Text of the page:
Anthologia Hibernica: Or Monthly Collections of Science, Belles-lettres, and History ..., Volume 3
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... owner of the painting, from which the print of Mr. Nixon was engraved, ...
of Robert Nixon, ...
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againſt alſo ancient appear attack body called captain cauſe church command common conſequence continued direction diſtance Dublin enemy equal eſq fame fire firſt force French give given ground hand head himſelf honour houſe human Ireland Iriſh Italy John killed kind king land laſt late learned leave length leſs letter light lived lord manner March means mind morning moſt muſt nature never night object obſerved officers original particles perſon potatoes preſent principle produce rank reaſon received reflected rendered reſpect Royal ſaid ſame ſay ſea ſecond ſee ſeems ſeveral ſhall ſhould ſide ſome ſtate ſtill ſubject ſuch taken theſe thing thoſe tion town troops uſe virtue whole whoſe wounded writer
Page 14 - And decks the goddess with the glittering spoil. This casket India's glowing gems unlocks, And all Arabia breathes from yonder box. The tortoise here and elephant unite, Transform'd to combs, the speckled and the white.
Page 111 - Eight times emerging from the flood She mew'd to ev'ry watry God, Some speedy aid to send. No Dolphin came, no Nereid stirr'd: Nor cruel Tom, nor Susan heard. A Fav'rite has no friend! From hence, ye Beauties, undeceiv'd, Know, one false step is ne'er retriev'd, And be with caution bold. Not all that tempts your wand'ring eyes And heedless hearts, is lawful prize; Nor all, that glisters, gold.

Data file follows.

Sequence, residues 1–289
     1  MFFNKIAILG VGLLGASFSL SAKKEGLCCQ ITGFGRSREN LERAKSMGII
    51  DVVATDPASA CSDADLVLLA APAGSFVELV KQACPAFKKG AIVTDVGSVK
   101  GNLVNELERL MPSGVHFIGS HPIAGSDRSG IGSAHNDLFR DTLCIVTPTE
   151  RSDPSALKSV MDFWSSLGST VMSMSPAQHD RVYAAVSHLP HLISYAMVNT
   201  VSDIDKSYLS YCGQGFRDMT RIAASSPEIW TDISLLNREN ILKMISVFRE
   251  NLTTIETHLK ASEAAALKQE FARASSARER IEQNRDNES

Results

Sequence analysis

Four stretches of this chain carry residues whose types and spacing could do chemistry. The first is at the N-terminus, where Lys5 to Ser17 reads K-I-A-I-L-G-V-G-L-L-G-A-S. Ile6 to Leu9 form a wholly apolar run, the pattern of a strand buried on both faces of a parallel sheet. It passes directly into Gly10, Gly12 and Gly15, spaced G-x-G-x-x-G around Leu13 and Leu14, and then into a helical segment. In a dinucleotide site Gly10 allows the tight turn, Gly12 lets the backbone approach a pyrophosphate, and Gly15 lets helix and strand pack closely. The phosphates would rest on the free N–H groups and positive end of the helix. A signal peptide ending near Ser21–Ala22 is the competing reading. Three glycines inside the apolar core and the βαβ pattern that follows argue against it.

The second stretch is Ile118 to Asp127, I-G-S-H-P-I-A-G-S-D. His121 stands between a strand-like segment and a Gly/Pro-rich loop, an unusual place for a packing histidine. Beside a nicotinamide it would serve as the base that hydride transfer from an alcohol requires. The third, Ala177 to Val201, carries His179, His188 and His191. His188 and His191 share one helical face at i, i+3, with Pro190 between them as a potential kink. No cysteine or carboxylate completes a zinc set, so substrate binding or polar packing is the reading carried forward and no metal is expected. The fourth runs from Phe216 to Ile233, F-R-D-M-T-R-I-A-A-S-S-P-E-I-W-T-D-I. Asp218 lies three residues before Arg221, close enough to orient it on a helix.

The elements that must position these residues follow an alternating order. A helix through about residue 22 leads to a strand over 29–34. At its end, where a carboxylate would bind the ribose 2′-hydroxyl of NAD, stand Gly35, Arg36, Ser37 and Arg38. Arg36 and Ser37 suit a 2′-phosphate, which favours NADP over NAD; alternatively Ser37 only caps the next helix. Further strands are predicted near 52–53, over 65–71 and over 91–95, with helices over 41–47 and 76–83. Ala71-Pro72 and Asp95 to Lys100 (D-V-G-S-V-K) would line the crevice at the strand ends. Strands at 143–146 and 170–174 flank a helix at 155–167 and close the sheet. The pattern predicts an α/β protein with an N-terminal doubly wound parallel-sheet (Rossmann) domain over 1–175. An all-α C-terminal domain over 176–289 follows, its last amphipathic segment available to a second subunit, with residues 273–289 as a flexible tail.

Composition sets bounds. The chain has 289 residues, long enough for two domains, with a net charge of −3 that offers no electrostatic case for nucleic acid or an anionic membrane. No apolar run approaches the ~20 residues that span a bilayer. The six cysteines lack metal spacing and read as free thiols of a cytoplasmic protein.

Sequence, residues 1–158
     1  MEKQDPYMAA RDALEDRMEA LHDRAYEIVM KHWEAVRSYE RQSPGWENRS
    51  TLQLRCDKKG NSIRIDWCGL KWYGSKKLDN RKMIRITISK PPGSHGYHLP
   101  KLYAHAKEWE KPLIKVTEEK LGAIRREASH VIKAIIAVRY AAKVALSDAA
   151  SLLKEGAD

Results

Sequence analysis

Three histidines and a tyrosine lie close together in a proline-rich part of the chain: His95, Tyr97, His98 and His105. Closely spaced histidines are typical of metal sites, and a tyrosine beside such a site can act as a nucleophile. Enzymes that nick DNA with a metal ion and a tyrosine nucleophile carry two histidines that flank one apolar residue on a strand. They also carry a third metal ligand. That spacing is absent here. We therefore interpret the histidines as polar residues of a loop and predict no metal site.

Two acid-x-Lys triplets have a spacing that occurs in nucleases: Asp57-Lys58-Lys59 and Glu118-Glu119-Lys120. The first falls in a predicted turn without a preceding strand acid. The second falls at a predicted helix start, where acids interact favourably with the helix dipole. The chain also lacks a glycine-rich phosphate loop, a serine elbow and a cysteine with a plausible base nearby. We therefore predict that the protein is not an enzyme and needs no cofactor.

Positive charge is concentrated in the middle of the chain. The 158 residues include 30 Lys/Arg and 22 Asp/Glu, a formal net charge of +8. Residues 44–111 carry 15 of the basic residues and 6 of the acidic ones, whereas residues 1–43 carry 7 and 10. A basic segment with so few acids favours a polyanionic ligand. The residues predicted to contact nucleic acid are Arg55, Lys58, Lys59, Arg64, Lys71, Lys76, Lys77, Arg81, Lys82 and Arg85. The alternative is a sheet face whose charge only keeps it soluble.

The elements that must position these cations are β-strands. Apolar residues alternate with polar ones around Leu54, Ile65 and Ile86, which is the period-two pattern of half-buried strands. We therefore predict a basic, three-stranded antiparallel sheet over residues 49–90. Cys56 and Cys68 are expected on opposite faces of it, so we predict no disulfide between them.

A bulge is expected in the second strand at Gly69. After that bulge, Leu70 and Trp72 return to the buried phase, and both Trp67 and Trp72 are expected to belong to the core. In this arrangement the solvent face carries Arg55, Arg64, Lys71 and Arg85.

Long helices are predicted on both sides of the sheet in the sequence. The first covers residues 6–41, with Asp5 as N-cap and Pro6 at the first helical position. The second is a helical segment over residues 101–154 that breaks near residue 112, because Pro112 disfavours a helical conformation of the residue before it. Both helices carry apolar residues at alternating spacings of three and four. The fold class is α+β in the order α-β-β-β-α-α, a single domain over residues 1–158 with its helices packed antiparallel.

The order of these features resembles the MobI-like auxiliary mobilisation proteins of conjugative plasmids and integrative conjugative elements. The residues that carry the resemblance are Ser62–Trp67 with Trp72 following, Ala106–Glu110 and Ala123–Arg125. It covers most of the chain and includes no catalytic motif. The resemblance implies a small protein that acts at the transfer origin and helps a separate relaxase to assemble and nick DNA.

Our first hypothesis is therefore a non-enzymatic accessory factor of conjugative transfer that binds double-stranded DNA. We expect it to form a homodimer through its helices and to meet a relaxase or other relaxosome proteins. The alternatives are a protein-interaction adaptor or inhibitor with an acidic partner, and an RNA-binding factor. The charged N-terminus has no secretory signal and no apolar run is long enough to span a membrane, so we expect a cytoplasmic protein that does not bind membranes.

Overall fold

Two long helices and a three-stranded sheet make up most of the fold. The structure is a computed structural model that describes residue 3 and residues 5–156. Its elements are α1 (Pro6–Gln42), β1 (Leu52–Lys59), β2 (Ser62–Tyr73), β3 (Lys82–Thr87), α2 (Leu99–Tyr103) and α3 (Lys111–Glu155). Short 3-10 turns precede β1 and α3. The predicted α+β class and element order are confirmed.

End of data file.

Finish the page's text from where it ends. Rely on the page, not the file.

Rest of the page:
Page 187 - A man, by natural right, has a right to judge in his own cause, and so far as the right of the mind is concerned he never surrenders it; but what availeth it him to judge, if he has not power to redress?
Page 15 - Puffs, powders, patches, bibles, billet-doux. Now awful beauty puts on all its arms ; The fair each moment rises in her charms, Repairs her smiles, awakens every grace, And calls forth all the wonders of her face : Sees by degrees a purer blush arise, And keener lightnings quicken in her eyes. The busy sylphs surround their darling care...
Page 356 - His titles he not only deserved, but adorned; his virtues are manifest in his good works, which had never dazzled the public eye, if they had not been too bright to be concealed ; and as to his fame...
Page 177 - Th' avenging fiend that follows us behind With whips and stings. The blest...
Page 145 - I have the honour to acquaint you, for the information of my Lords Commissioners of the Admiralty, that at 5 o'clock PM on the 6th of August last, in latitude 24° 44...
Page 192 - I'll bear him no more sticks, but follow thee, Thou wondrous man. Trin. A most ridiculous monster, to make a wonder of a poor drunkard ! Cal. I prithee, let me bring thee where crabs grow ; And I with my long nails will dig thee pig-nuts ; Show thee a jay's nest and instruct thee how To snare the nimble marmoset ; I'll bring thee To clustering filberts and sometimes I'll get thee Young scamels from the rock.
Page i - Prescrib'd her heights, and prun'd her tender wing, (Her guide now lost) no more attempts to rise, But in low numbers short excursions tries: Content, if hence, th...
Page 17 - THERE is a vast beauty (to me) in using a word of a particular nature in the eighth and ninth syllables of an English verse. I mean what is virtually a dactyl. For instance, And pikes, the tyrants of the watry plains.